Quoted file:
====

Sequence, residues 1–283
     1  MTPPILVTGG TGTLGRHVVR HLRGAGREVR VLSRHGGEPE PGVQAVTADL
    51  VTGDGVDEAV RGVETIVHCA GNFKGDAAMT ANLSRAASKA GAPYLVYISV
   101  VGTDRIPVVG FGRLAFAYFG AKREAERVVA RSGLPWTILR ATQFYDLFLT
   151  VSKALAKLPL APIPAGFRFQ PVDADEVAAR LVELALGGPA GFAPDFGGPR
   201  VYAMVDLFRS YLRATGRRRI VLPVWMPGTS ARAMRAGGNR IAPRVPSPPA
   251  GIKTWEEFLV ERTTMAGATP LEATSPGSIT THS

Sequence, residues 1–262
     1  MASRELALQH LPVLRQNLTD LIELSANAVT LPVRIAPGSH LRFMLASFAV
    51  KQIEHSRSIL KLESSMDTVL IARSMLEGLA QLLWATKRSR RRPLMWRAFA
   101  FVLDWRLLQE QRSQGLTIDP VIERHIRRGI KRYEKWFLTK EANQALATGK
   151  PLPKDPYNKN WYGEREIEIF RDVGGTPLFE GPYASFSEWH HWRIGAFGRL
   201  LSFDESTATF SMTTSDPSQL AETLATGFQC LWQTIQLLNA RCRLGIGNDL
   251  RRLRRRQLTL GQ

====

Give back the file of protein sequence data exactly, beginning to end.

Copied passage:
Sequence, residues 1–283
     1  MTPPILVTGG TGTLGRHVVR HLRGAGREVR VLSRHGGEPE PGVQAVTADL
    51  VTGDGVDEAV RGVETIVHCA GNFKGDAAMT ANLSRAASKA GAPYLVYISV
   101  VGTDRIPVVG FGRLAFAYFG AKREAERVVA RSGLPWTILR ATQFYDLFLT
   151  VSKALAKLPL APIPAGFRFQ PVDADEVAAR LVELALGGPA GFAPDFGGPR
   201  VYAMVDLFRS YLRATGRRRI VLPVWMPGTS ARAMRAGGNR IAPRVPSPPA
   251  GIKTWEEFLV ERTTMAGATP LEATSPGSIT THS

Sequence, residues 1–262
     1  MASRELALQH LPVLRQNLTD LIELSANAVT LPVRIAPGSH LRFMLASFAV
    51  KQIEHSRSIL KLESSMDTVL IARSMLEGLA QLLWATKRSR RRPLMWRAFA
   101  FVLDWRLLQE QRSQGLTIDP VIERHIRRGI KRYEKWFLTK EANQALATGK
   151  PLPKDPYNKN WYGEREIEIF RDVGGTPLFE GPYASFSEWH HWRIGAFGRL
   201  LSFDESTATF SMTTSDPSQL AETLATGFQC LWQTIQLLNA RCRLGIGNDL
   251  RRLRRRQLTL GQ